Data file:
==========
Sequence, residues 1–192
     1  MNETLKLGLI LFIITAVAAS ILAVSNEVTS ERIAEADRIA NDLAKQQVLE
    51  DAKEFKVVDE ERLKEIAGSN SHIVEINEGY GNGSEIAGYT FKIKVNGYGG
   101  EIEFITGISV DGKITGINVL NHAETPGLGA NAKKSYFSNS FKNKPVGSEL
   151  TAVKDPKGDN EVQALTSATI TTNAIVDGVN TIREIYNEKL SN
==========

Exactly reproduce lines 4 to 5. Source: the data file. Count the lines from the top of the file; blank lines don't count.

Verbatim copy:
   101  EIEFITGISV DGKITGINVL NHAETPGLGA NAKKSYFSNS FKNKPVGSEL
   151  TAVKDPKGDN EVQALTSATI TTNAIVDGVN TIREIYNEKL SN